The (in)famous actor owes nearly $300,000 on his American Express card. I'm offering to help him.

When Charlie Sheen has made headlines these past few years, it’s involved sexdrugs, and violence. So I had mixed feelings last week when he returned to the tabloid news with a credit card problem.

Usually, I see opportunity in celebrity debt. Encouraging Americans to be financially responsible is important but (let’s be honest) boring. So if a cultural icon has money problems, it’s an easy way to meld enlightenment with entertainment.

Sheen’s problem, however, is just so ridiculous. As the National Enquirer reported…

Charlie Sheen is scrambling for cash as the scandal-ridden star sees his debts pile up! The former sitcom star is even facing a bill from American Express for nearly $300,000!

To be more specific (and less hyperbolic), Sheen owes $287,879 on his Platinum card— and $8,357 in late fees. Apparently, his reluctance to pay his balance has forced American Express to sue him. Sheen’s response? He told gossip site TMZ, “If I was AMEX, I’d be suing me too!!”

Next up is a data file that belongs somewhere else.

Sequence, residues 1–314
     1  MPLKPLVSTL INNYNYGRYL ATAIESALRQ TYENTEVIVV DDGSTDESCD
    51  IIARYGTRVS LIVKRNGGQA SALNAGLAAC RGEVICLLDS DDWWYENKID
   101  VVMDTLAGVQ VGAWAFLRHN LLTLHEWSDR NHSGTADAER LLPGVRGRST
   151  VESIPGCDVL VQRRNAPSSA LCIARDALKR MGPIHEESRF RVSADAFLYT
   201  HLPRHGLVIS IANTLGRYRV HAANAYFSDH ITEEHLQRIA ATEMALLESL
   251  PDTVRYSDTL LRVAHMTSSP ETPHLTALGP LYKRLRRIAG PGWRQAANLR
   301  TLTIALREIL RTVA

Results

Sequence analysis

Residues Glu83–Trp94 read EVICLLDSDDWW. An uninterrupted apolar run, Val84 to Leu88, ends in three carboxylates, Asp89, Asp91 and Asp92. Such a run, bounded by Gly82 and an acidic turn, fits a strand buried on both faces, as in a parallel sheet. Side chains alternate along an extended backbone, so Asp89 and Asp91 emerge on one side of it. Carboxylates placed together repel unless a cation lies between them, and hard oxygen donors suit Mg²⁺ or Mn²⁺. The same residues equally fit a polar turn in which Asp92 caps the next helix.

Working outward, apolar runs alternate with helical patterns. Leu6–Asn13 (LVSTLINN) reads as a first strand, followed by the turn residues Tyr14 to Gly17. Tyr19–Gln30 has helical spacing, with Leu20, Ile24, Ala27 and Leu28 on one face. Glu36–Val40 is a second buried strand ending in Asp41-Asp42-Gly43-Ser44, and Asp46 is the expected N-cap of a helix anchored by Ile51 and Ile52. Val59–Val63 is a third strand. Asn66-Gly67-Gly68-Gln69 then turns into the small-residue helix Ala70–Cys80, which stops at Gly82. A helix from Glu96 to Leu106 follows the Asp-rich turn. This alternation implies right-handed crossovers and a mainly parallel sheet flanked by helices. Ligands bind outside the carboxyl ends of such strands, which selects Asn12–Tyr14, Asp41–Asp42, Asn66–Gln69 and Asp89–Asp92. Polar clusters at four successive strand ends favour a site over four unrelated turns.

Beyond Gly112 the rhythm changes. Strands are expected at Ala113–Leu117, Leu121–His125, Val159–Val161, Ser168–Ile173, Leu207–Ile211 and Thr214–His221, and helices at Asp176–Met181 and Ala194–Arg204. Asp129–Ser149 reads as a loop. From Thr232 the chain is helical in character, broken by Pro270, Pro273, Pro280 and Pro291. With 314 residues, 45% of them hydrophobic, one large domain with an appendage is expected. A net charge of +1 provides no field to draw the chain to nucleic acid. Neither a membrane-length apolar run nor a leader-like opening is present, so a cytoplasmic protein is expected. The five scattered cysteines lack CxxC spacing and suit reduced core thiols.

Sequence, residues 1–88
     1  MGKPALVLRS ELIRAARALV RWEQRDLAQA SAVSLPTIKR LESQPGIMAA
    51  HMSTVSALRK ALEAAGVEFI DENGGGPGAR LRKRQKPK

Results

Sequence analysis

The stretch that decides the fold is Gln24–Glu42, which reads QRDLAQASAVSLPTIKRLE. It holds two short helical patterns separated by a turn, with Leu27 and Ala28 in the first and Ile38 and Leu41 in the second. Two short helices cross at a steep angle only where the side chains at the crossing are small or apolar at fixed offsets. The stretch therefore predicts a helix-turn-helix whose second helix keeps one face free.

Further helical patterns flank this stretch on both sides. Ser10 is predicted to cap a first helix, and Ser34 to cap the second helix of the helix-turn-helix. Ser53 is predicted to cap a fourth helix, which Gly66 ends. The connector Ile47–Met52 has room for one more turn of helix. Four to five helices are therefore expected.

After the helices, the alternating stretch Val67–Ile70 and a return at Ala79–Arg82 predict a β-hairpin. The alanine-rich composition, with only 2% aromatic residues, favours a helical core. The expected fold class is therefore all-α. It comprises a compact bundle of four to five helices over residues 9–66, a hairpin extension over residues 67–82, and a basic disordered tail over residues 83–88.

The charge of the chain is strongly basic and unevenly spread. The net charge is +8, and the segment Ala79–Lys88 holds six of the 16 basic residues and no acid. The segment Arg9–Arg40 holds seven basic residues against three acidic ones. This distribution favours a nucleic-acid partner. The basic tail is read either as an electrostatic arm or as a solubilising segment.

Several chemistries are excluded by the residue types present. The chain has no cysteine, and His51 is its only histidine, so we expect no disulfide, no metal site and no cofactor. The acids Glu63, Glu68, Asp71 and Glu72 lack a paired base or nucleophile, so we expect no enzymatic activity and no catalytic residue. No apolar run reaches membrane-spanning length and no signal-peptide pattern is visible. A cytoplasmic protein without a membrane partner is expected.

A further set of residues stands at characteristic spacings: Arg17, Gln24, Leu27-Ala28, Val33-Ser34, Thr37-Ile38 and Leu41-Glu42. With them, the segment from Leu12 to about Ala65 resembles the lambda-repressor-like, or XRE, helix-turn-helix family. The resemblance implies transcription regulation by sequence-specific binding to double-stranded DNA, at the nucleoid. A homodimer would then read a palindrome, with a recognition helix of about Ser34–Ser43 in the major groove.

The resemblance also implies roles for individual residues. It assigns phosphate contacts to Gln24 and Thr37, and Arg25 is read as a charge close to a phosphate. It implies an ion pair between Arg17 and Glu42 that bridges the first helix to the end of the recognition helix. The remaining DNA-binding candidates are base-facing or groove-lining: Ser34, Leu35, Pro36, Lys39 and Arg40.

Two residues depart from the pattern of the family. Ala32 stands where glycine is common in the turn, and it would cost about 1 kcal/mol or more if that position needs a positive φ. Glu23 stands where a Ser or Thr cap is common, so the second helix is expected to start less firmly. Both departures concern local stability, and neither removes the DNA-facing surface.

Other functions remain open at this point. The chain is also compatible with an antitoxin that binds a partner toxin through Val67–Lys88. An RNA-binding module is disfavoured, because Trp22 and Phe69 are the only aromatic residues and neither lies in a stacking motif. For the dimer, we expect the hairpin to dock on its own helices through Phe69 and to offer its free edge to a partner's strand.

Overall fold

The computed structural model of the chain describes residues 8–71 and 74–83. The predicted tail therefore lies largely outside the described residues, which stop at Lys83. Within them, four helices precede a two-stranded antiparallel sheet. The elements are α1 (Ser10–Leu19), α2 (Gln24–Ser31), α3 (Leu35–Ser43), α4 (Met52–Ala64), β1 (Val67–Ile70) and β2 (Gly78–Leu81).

While Sheen has never been a role model for healthy living and loving relationships, he’s now setting a poor example for those mired in credit card debt. So here’s my video response to his current lawsuit — and my offer to personally counsel him on living debt-free. I recorded it along with my friend and fellow personal finance expert, Steve Rhode — better known as the Get Out of Debt Guy


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About the Author

Howard Dvorkin, CPA

Howard Dvorkin, CPA

I’m a certified public accountant who has authored two books on getting out of debt, Credit Hell and Power Up, and I am one of the personal finance experts for I have focused my professional endeavors in the consumer finance, technology, media and real estate industries creating not only, but also Financial Apps and Start Fresh Today, among others. My personal finance advice has been included in countless articles, and has appeared in the New York Times, the Washington Post, Forbes and Entrepreneur as well as virtually every national and local newspaper in the country. Everyone should have a reason for living that’s bigger than themselves, and besides my family, mine is this: Teaching Americans how to live happily within their means. To me, money is not the root of all evil. Poor money management is. Money cannot buy happiness, but going into debt always buys misery. That’s why I launched I’m glad you’re here.

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